Unfolding Learning through Origami--Photogallery
Although the ancient art of paper folding is rightfully attributed to the Chinese inventors of paper, the traditional art of origami is most often associated with the Japanese.
The use of origami in the learning of mathematics is not a new concept. Its use in today’s classrooms, however, is still not widespread, according to Mary Webster Moore, assistant professor of education. Paper folding was popular centuries ago in the ancient Eastern world, where it was used to study the geometries inherent in the paper.
Trinity students from varied fields of study such as nursing, art, and social work, participated in Moore’s origami Interim course in January. While the general perception of origami is that it is “child’s play,” “a cool craft,” or “an interesting art form,” Moore said, “People don’t realize that origami integrates and builds both sides of the brain—the analytical and the artistic.”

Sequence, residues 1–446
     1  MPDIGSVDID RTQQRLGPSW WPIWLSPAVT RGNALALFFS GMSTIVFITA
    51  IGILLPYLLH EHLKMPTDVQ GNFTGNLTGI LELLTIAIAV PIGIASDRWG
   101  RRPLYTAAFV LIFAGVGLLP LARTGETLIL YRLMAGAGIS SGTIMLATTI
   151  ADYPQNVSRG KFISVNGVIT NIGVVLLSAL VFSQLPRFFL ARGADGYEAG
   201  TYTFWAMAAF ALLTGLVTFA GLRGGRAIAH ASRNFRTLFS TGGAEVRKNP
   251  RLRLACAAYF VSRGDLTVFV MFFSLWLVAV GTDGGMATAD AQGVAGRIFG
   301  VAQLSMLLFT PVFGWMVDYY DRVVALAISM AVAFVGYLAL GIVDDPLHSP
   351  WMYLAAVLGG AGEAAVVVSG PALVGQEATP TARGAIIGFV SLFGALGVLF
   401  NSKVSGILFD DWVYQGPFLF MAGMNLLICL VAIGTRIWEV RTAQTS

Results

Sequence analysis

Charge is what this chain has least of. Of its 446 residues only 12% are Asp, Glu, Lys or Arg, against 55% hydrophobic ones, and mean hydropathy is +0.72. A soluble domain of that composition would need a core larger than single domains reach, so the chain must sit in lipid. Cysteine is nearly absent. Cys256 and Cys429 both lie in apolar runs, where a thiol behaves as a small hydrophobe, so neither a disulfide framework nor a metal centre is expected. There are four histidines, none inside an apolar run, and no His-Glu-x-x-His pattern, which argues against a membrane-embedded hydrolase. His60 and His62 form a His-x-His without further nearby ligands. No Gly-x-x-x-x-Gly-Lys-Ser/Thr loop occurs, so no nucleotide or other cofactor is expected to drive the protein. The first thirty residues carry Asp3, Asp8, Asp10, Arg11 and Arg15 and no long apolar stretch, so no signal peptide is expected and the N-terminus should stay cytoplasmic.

Since the origami Interim always attracts a variety of majors when it is offered, the course goes beyond a focus on the mathematical aspects of the art. During the course, students learned various paper folding techniques, creating everything from traditional animal shapes to decorative containers to multimodular polyhedra.
The practice of origami, according to Moore, can enhance math learning, as well as support all other areas of learning through reasoning and spatial and visualization skill development.
For more information about origami and its benefits, Moore suggests visiting a site such as www.oriland.com.
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